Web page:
Mid-Major to Main Man?

Mardy Collins
Sebastian Telfair
Jameer Nelson
Delonte West
Marcus Banks
Dan Dickau
Jerryl Sasser
Speedy Claxton
Andre Miller

This year Eric Maynor and Patty Mills are the en vogue mid-major points. Mills has the advantage of his brilliant run in the Olympic Games last year, while Maynor has thrown together several nice tournament performances to help his case. Maynor on the surface has appeared to be more of a fit in the traditional point guard role, while Mills quickness allows him to score easier. But for a team in need of a point guard like the Bucks (possibly), are either of them worth the risk?

The above list is first round mid-major point guard picks since 1999 (Excluding 2007 and 2008 drafts, it’s just too early to tell). I included Telfair because he was facing mid-major competition in high school. Ten guys with varying results. Without question Andre Miller has had the most successful career of the aforementioned players with Jameer Nelson inching closer each year. There doesn’t seem to be a specific blueprint on what translates ones mid-major college success into prolonged NBA success. Miller has been one of the worst shooting point guards in the league since his entry, but has made up for that by looking exactly like Richard Pryor in addition to having great size and terrific vision.

College teammates Nelson and Delonte West have thrived playing with incredible talents. West has taken well to spotting up outside the arc waiting for Lebron to dish to him and defending with great zeal at the other end. Nelson has taken a few years to develop but his defense has been catching up to his natural shooting ability. He was voted an all-star for the first time this year largely thanks to the open shots he gets by playing with Dwight Howard. While neither is a pure point guard they both fell into the right situations. West can play like a two for large portions of the game because Lebron handles the ball so much. Nelson is enough of a point guard to lob the ball up for Howard or keep it moving around the perimeter for Rashard Lewis and Hedo Turkoglu, but if they really need a playmaker they can give it to Turkoglu and let Nelson move off the ball.

I would say the one thing that the more successful guys on this list had in common was above average athleticism or shooting ability. It sounds stupid to say, but a lot of times the key to sticking in the league and being successful is being really good at something. Yes, everyone in the NBA is really good at something, but if a player has a specific skill that they do better than most guys they have a great shot at sticking around. Miller has an incredible basketball IQ, Nelson is a very good shooter and from all accounts a great leader too. He gets the guys together every off-season in Philly to work-out and grow as players together. Speedy Claxton made a living off being speedy. Then he blew out his knee and none of his other skills were good enough.

Mardy Collins was a professional goon. That would explain his presence on the Clippers. Jerryl Sasser and Marcus Banks? They weren’t really good at anything. Actually disregard that. Banks had a nice half season with Minnesota and played that into a big contract to back-up Steve Nash, even though he wasn’t very good. So he was good at something: hiring the right agent. Sasser was just one of those mythical tall point guards that were all the rage for some time. He probably now hangs out with Reece Gaines and Julius Hodge wondering what went wrong.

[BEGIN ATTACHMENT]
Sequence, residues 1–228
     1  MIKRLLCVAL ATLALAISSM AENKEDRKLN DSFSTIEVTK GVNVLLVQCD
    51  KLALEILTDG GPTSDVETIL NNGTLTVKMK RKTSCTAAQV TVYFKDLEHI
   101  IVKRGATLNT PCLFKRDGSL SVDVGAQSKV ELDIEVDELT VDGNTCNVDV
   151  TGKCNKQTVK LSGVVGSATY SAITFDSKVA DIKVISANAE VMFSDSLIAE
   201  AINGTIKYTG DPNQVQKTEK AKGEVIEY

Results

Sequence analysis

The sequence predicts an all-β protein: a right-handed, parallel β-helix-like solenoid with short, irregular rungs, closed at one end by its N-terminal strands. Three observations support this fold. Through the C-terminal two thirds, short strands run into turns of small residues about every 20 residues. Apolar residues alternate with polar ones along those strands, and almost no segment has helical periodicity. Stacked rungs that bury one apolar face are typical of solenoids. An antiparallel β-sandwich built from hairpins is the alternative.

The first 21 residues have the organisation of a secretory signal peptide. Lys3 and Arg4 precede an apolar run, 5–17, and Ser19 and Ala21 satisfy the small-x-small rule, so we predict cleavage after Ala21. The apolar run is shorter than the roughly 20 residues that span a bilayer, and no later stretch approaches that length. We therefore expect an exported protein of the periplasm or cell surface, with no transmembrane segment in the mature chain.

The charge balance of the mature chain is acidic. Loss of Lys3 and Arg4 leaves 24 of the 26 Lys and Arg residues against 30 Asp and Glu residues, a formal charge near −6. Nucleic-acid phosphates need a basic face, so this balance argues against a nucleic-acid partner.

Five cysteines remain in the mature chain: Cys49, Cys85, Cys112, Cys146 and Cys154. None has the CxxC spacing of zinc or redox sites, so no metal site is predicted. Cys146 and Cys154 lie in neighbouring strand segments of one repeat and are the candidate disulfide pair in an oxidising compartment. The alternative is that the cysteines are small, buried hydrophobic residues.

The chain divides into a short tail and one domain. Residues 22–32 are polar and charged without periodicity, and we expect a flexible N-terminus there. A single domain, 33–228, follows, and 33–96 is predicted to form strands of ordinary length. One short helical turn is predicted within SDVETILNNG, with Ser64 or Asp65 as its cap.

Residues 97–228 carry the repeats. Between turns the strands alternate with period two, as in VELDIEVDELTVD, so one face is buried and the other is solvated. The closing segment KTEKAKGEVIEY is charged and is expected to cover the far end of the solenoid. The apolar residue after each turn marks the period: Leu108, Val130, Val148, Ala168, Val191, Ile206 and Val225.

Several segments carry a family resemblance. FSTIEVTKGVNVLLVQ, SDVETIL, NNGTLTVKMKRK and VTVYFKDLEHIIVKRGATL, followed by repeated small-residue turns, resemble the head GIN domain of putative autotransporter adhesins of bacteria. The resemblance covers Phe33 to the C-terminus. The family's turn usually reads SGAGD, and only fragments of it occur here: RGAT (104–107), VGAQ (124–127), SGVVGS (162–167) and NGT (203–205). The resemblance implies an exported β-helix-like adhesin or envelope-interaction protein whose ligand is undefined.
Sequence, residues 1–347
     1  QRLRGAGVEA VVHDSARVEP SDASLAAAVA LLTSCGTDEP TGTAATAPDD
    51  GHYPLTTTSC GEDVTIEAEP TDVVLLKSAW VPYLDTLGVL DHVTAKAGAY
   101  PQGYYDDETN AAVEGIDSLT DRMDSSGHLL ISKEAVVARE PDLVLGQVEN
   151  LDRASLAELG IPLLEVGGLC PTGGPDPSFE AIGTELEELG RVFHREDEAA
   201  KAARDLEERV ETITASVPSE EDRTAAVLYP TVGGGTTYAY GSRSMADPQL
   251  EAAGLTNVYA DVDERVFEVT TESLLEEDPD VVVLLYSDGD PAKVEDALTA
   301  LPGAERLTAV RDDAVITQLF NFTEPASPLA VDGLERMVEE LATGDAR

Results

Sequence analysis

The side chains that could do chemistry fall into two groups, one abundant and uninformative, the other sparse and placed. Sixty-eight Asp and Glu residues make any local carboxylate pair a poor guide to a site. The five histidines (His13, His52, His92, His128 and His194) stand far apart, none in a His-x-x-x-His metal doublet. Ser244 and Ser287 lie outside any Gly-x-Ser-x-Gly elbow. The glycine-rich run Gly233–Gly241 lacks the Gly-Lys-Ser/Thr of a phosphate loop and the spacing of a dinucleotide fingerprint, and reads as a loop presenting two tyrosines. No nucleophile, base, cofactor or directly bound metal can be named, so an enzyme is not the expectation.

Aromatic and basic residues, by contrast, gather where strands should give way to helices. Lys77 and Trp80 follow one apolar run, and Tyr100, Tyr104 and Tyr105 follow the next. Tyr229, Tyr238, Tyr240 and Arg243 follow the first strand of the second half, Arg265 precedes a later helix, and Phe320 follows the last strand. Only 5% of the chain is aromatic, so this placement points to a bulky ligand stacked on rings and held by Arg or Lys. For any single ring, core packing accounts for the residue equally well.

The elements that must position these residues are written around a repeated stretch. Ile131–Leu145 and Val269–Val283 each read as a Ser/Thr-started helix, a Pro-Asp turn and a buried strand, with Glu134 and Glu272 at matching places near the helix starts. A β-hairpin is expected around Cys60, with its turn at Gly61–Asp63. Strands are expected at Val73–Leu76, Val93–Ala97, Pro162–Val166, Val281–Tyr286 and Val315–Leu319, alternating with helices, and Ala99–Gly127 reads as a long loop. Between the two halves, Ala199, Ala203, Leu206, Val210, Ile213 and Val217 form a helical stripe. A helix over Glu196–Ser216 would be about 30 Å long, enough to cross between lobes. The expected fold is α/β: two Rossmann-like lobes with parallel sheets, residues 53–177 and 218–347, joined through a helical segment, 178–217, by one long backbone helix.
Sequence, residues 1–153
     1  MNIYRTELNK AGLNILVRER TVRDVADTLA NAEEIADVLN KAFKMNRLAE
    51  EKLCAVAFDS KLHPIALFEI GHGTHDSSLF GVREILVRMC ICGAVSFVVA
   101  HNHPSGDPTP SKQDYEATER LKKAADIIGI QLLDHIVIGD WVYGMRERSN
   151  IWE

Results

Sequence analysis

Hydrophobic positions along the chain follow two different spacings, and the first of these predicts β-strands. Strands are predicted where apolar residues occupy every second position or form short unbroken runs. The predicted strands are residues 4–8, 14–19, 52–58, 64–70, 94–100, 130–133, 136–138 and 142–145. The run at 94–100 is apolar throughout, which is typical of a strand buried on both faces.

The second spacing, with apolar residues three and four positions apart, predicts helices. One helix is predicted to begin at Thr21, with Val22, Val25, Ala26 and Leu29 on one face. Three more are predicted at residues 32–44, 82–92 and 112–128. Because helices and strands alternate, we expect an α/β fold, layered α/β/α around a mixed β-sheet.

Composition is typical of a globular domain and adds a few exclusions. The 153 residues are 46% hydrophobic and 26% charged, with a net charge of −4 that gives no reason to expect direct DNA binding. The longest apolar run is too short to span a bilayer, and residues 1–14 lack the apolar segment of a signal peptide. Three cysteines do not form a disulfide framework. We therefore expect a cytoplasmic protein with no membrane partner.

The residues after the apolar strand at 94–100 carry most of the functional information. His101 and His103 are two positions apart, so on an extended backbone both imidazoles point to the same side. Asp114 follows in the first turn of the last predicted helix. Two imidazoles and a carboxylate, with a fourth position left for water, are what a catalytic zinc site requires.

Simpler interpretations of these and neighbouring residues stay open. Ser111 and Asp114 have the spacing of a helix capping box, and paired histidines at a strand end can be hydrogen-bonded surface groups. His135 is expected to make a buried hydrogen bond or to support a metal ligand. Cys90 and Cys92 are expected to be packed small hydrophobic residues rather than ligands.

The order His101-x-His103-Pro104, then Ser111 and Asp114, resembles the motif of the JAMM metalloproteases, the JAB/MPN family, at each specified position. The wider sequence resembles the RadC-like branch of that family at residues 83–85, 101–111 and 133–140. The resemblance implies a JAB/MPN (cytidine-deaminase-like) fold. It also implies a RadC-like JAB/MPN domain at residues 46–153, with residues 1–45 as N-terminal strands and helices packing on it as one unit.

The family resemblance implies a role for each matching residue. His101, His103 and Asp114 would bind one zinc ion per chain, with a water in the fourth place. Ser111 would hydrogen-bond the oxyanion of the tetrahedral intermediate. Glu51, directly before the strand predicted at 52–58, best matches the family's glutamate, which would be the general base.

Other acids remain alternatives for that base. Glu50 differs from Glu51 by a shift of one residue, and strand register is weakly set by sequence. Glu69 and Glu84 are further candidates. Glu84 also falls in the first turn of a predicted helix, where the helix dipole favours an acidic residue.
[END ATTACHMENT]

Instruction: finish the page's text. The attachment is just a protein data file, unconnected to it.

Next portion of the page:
So the question becomes then, are Maynor and Mills good at anything?

Maynor has shown incredible ball hawk and clutch shot prowess in his short stints on national television. His classic performance in the CAA tournament a few years ago was one that will not soon be forgotten by fans and GM’s alike. He did it again in the NCAA’s that year against Duke and nearly thrilled once more in this past year’s tournament against UCLA. So much for shriveling under pressure.

Meanwhile, Mills spent his summer last year blowing by Chris Paul, Deron Williams and Jason Kidd whenever he felt like it in the Olympics. Actually it was just in the exhibition game. The actual game that counted he was contained much better. Still impressive!

So both guys have some serious skill. I don’t think we’ll have any Jerryl Sasser or Sebastian Telfair problems here. Scouts and pundits alike seem to like Maynor more be it his polish, size or whatever the reason may be. He’s in contention at ten for the Bucks. Mills looks like he’ll find a place later in the first round, though he could move up if he shows something he wasn’t able to show at the end of the year after suffering an injury.

Regardless I’d look for both these guys to be productive for years to come. In a draft like this that might be something worth looking at with pick number ten.

Categories: Draft Talk

Jeremy Schmidt writes the Milwaukee Bucks blog Bucksketball. He founded it in…

2 Comments

  1. If the Bucks should draft Paddy Mills, regardless of who else is available at the time. His basketball IQ is off the charts. Fantastic team player, Bogut and Mills would be an ideal pairing as both already have played together.

    To my knowledge Paddy would be the first Aboriginal player drafted in the first round and that would be a pretty big deal in Australia.

  2. Considering the Bucks problems with getting people to pay attention to them internationally, nationally or even locally, going this route may not be a terrible idea. At the very least they’d be the talk of Australia.